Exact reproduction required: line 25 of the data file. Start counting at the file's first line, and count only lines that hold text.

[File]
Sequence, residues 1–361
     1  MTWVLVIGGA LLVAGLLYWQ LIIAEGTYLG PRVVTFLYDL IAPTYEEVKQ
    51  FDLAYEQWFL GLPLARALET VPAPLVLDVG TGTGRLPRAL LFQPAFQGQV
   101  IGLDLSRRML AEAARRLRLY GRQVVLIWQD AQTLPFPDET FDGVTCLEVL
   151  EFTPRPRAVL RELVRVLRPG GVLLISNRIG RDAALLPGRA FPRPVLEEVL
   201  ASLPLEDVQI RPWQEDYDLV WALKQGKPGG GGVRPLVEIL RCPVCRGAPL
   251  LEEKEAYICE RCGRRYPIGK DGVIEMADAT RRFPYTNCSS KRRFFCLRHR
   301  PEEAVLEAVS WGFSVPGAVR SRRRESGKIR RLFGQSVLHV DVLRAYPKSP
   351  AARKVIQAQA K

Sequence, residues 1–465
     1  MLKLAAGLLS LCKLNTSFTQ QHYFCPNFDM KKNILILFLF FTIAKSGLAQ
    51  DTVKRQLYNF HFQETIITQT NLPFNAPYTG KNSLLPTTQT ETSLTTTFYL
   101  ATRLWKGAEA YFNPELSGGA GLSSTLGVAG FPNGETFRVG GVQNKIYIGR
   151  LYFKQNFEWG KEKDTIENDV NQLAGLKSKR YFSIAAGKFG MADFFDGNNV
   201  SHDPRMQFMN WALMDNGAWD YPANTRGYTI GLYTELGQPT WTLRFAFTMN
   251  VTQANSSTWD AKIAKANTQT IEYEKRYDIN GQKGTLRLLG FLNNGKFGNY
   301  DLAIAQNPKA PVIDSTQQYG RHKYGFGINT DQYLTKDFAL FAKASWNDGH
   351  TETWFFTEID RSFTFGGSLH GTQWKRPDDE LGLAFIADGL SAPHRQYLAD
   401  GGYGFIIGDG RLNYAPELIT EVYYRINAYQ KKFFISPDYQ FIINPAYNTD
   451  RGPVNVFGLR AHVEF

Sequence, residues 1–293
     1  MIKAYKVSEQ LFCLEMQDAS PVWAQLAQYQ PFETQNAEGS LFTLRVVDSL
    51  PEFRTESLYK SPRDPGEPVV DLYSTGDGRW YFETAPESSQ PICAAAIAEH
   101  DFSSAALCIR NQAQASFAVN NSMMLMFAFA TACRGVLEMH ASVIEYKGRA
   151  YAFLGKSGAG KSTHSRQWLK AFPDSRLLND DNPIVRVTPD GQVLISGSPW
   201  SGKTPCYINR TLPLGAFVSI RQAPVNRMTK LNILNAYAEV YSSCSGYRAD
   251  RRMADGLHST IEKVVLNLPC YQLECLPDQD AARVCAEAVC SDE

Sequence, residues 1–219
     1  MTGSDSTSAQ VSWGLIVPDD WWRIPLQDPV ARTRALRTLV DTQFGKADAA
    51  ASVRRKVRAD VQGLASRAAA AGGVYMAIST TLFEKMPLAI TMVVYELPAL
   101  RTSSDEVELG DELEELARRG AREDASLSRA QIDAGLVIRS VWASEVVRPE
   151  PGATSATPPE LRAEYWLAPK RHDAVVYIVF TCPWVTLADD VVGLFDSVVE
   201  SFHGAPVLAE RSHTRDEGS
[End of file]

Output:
   151  YAFLGKSGAG KSTHSRQWLK AFPDSRLLND DNPIVRVTPD GQVLISGSPW